Across the globe, women face inferior income opportunities compared with men. Women are less likely to work for income or actively seek work. The global labor force participation rate for women is just over 50% compared to 80% for men. Women are less likely to work in formal employment and have fewer opportunities for business expansion or career progression. When women do work, they earn less. Emerging evidence from recent household survey data suggests that these gender gaps are heightened due to the COVID-19 pandemic.
Female labor force participation over three decades
Women’s work and GDP
Women’s work is posited to be related to development through the process of economic transformation.
Levels of female labor force participation are high for the poorest countries generally, where agriculture is the dominant sector and women often participate in small-holder agricultural work. Women’s participation in the workforce is lower in middle-income countries which have much smaller shares of agricultural activities. Finally, among high-income countries, female labor force participation is again higher, accompanied by a shift towards a service sector-based economy and higher education levels among women.
This describes the posited U-shaped relationship between development (proxied by GDP per capita) and female labor force participation where women’s work participation is high for the poorest countries, lower for middle income countries, and then rises again among high income countries.
Is there a global U-shape relationship between female labor force participation and GDP per capita?
This theory of the U-shape is observed globally across countries of different income levels. But this global picture may be misleading. As more recent studies have found, this pattern does not hold within regions or when looking within a specific country over time as their income levels rise.
Within regions, there is no U-shape relationship between female labor force participation and GDP per capita
In no region do we observe a U-shape pattern in female participation and GDP per capita over the past three decades.
Structural transformation, declining fertility, and increasing female education in many parts of the world have not resulted in significant increases in women’s participation as was theorized. Rather, rigid historic, economic, and social structures and norms factor into stagnant female labor force participation.
Historical view of women’s participation and GDP
Taking a historical view of female participation and GDP, we ask another question: Do lower income countries today have levels of participation that mirror levels that high-income countries had decades earlier?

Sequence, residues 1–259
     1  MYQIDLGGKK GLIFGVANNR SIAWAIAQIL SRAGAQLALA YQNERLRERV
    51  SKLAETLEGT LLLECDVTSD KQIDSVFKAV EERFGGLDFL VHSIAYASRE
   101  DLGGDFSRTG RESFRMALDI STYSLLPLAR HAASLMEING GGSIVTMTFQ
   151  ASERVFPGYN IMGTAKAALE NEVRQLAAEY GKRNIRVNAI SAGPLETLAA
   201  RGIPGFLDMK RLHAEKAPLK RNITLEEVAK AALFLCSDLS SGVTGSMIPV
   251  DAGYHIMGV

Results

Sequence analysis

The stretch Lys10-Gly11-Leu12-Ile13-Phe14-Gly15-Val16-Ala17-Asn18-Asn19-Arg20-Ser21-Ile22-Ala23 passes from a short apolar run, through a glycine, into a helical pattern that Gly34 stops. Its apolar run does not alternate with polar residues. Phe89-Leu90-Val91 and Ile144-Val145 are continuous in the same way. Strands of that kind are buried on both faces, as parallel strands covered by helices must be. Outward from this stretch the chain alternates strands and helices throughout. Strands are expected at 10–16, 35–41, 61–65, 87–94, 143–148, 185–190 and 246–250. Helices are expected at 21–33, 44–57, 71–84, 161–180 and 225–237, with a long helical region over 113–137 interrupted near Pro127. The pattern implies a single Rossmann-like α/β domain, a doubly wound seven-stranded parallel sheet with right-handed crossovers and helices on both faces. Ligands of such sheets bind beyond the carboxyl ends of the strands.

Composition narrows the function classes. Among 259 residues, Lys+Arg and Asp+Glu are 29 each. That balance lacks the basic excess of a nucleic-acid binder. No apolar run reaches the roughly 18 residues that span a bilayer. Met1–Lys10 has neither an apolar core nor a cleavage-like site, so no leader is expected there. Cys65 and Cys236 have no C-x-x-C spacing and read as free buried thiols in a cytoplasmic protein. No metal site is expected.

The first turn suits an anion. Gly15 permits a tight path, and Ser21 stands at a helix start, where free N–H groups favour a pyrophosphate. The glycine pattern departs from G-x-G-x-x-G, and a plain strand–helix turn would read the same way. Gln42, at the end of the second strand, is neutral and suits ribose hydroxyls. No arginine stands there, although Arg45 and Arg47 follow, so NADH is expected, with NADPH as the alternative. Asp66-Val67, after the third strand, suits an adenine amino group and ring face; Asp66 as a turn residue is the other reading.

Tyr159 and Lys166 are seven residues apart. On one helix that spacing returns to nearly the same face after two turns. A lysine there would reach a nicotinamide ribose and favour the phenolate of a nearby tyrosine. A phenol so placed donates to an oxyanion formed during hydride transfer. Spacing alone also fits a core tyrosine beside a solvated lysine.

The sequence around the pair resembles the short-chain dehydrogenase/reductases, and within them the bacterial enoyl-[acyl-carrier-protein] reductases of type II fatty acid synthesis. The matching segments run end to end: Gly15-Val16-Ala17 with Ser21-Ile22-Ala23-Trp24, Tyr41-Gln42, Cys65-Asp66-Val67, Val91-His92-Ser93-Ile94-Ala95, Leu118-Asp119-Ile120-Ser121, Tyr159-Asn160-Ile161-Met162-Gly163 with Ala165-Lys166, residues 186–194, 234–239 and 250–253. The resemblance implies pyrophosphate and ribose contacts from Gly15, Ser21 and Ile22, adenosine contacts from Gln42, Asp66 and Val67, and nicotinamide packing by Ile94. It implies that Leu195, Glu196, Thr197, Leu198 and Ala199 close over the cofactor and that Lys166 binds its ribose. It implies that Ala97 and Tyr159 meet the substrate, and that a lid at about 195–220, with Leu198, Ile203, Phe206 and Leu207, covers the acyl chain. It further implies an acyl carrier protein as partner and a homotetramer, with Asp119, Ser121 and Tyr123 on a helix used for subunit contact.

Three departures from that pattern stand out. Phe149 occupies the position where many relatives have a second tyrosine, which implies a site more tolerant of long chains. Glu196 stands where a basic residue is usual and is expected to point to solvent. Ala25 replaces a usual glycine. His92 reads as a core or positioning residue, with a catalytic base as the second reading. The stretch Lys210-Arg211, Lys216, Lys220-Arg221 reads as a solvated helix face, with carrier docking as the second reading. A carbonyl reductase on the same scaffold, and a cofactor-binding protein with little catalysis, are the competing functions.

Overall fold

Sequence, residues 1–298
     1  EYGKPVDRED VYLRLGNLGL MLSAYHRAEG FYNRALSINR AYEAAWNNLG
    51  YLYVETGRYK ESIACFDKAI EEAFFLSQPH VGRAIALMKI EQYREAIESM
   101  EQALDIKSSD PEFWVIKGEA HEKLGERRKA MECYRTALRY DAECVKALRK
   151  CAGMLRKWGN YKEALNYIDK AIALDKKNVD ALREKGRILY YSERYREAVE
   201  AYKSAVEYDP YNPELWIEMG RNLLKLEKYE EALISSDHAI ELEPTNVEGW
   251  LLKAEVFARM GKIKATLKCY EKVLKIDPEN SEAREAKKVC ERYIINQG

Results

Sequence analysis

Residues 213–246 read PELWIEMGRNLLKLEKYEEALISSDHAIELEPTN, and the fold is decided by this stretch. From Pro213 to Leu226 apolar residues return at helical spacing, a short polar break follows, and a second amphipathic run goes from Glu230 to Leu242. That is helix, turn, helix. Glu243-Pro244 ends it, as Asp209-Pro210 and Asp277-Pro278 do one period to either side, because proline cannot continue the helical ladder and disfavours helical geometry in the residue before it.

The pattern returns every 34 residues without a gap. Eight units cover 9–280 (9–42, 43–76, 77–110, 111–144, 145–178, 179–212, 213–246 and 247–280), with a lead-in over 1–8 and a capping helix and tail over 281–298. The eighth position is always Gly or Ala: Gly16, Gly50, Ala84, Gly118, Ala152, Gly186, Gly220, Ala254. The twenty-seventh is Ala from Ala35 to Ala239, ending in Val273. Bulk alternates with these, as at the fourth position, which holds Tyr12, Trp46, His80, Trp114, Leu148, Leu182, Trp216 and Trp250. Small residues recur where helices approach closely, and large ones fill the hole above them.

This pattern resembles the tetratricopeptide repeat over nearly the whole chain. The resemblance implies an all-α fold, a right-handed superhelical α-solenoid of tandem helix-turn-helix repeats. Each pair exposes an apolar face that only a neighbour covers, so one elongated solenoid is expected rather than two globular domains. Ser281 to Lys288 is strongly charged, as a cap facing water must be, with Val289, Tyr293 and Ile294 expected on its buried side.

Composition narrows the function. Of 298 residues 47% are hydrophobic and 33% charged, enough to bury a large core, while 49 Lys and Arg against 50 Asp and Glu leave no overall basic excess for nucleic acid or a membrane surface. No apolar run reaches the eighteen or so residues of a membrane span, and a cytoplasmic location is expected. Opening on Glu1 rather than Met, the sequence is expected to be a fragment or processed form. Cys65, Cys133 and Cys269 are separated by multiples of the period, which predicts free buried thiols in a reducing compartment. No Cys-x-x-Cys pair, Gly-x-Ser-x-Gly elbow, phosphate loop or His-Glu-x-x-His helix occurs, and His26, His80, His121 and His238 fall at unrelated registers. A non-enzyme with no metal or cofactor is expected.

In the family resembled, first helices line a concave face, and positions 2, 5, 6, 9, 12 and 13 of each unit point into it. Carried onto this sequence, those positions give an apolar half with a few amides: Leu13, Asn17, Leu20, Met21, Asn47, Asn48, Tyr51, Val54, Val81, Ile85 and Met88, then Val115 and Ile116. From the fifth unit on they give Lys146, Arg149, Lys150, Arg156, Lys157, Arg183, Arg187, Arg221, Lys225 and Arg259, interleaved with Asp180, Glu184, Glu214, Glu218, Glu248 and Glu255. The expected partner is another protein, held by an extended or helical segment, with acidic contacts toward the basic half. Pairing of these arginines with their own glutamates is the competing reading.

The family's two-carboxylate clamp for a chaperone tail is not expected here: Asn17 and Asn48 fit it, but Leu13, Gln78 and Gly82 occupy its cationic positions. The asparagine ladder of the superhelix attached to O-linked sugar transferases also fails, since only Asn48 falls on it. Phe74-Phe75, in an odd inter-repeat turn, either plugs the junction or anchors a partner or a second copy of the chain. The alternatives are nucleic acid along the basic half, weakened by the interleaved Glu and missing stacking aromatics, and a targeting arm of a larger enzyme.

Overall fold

The answer is no.
Female labor force participation from 1960 to today
This suggests that the relationship of female labor force participation to GDP for lower-income countries today is different than was the case decades past. This could be driven by numerous factors -- changing social norms, demographics, technology, urbanization, to name a few possible drivers.
Gendered patterns in type of employment
Gender equality is not just about equal access to jobs but also equal access for men and women to good jobs. The type of work that women do can be very different from the type of work that men do. Here we divide work into two broad categories: vulnerable work and wage work.
The Gender gap in vulnerable and wage work by region
The Gender gap in vulnerable and wage work by GDP per capita
Vulnerable employment is closely related to GDP per capita. Economies with high rates of vulnerable employment are low-income contexts with a large agricultural sector. In these economies, women tend to make up the higher share of the vulnerably employed. As country income levels rise, the gender gap also flips, with men being more likely to be in vulnerable work when they have a job than women.
From COVID-19 crisis to recovery
The COVID-19 crisis has exacerbated these gender gaps in employment. Although comprehensive official statistics from labor force surveys are not yet available for all countries, emerging studies have consistently documented that working women are taking a harder hit from the crisis. Different patterns by sector and vulnerable work do not explain this. That is, this result is not driven by the sectors in which women work or their higher rates of vulnerable work—within specific work categories, women fared worse than men in terms of COVID-19 impacts on jobs.
COVID-19 impact on work stoppage was greater for women than men
Employment losses were greater for women of all categories.
Among other explanations is that women have borne the brunt of the increase in the demand for care work (especially for children). A strong and inclusive recovery will require efforts which address this and other underlying drivers of gender gaps in employment opportunities.